? To present the D4 some beauty, I opted for 3Racing Mini-Z parts body from ABC Hobby. This really is a beautiful replica of the car and included a slick pair of decals, looking fantastic once mounted. I wasn’t sure how you can paint it, having said that i do remember an approach I used a while back that got some attention. So, I gave the RX-3 an attempt of pearl white around the underside, but painted the fenders black externally. After everything was dry, I shot the outside by using a coat of Tamiya Flat Clear. I really like the last result … plus it was easy. That’s good because I’m a really impatient painter!


Just for this test, I needed the privilege of putting this four-wheel drifter on the iconic Tamiya track in Aliso Viejo, CA. I found myself heading there to complete a picture shoot for another vehicle and thought, heck, why not bring it along and get some sideways action?


The steering in the D4 is pretty amazing. While I mentioned earlier, the throw can be a whopping 65 degrees with zero interference through the parts. Even CVD’s can make that far, allowing smooth input of power at full lock. While it does look a little bit funny together with the tires turned that far (remember, I’m a touring car guy), the D4 does an amazing job of keeping the slide controlled and moving in the appropriate direction. This really is, partly, on account of the awesome handling of the D4, but also the speedy Futaba servo.


Drifting will not be about overall speed but wheel speed controlled. I am aware that sounds odd, but when you’ve mastered the wheel speed of the drifter, you are able to control the angle of attack and the sideways motion through any corner. I discovered Novak’s Drift Spec system allowed me to accomplish just that make controlled, smooth throttle modifications to change the angle of the D4 when and where I needed. Sliding in the little shallow? Add more throttle to get the tail end to whip out. Beginning to over cook the corner? Ease up a lttle bit as well as the D4 would get back in line. It’s all a matter of ? nesse, as well as the Novak system is made for just that. I have done have to be just a little creative using the install of the system on account of only a little space in the chassis, but overall it figured out great.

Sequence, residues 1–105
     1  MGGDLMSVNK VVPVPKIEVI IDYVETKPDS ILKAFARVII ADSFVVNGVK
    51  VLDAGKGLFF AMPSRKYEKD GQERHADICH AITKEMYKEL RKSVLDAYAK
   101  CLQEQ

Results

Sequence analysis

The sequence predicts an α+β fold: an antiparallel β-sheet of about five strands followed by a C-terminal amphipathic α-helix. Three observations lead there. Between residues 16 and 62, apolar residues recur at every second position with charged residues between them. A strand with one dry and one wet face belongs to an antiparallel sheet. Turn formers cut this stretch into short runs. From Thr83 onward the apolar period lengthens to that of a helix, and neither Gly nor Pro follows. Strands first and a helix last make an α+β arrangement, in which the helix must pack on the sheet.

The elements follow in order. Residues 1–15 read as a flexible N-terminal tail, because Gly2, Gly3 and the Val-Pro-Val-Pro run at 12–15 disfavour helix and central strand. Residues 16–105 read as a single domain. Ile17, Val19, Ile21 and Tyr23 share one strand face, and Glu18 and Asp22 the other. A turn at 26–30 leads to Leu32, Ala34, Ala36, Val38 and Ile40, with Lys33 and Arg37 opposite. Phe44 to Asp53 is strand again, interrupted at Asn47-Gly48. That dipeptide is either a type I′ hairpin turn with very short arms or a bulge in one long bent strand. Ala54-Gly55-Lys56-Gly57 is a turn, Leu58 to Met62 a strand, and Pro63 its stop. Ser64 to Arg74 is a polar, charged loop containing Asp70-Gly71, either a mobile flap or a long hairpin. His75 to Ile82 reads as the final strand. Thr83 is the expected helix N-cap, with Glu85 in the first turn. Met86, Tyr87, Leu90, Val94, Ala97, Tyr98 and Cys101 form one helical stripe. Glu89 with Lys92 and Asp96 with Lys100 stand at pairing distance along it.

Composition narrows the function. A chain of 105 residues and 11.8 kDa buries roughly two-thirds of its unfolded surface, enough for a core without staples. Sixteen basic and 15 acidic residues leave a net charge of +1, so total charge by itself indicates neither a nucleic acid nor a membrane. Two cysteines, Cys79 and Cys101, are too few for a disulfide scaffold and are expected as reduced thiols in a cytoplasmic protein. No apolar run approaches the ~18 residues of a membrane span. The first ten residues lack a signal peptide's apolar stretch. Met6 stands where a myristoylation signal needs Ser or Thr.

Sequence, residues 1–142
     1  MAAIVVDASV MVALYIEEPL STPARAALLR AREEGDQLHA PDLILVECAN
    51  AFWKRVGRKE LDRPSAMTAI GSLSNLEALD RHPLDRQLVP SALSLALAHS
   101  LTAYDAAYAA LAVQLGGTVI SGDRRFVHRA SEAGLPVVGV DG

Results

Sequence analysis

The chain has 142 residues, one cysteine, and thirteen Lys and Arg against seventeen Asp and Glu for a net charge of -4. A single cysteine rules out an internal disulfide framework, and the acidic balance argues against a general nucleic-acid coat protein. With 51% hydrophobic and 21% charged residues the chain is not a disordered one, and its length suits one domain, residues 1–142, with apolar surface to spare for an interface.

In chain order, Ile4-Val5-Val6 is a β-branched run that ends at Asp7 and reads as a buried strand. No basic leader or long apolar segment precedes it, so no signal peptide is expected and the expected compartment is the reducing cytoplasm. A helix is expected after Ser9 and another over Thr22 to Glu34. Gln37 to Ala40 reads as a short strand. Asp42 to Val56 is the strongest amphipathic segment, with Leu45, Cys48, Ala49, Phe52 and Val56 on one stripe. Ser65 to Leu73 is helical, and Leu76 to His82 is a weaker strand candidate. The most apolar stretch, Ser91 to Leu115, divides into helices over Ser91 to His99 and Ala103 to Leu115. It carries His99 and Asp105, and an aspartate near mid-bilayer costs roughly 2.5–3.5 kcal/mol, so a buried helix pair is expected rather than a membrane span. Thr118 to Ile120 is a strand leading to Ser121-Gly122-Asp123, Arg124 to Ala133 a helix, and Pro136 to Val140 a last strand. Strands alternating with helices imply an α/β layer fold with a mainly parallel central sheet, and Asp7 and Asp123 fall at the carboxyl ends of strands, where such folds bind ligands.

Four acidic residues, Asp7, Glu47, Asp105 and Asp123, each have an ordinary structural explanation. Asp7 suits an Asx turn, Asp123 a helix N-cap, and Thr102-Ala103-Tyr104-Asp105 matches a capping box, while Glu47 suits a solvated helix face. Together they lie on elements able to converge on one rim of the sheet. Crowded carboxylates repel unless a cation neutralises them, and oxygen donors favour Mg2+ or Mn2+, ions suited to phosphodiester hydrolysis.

After driving hooked up touring cars for some time, it can do have a little getting used to understanding that an automobile losing grip and sliding is the correct way round the track. It’s also good practice for managing throttle control as soon as you obtain it, it’s beautiful. Having a car and pitching it sideways using a sweeper, while keeping the nose pointed in at less than several inches from the curb … it’s actually very rewarding. It’s a controlled out of hand thing, and also the D4 will it wonderfully. The kit setup is great, but if you are such as you require more of something anything there’s a lot of things to adjust. I just enjoyed the vehicle together with the kit setup plus it was just a matter of a battery pack or two before I used to be swinging the back across the hairpins, across the carousel and back and forth through the chicane. I never had a chance to strap battery in the diffuser, but that’s something I’m looking towards.


There’s not a whole lot you can do to damage a drift car they’re not really going all that fast. I did, however, offer an trouble with the top belt’s bearing pulley mounted to the top deck. In the initial run, it suddenly felt such as the D4 acquired just a little drag brake. I kept by using it, seeking to overcome the problem with driving, but soon was required to RPM Traxxas slash parts it directly into actually give it a look. Through the build, the belt slips in a plastic ‘tunnel’ that is supported by a bearing, keeping it above any chassis mounted things like the ESC or servo. The belt, though, doesn’t sit square in the bearing; it’s half on and half off. So, as soon as the drivetrain is spooling up, the belt will sometimes slide from the bearing, ?opping around and catching on anything it will come in contact with. To ?x this, I simply 3raccingSakura an extended screw with a few 1mm shims to space the bearing out a little bit more. Problem solved.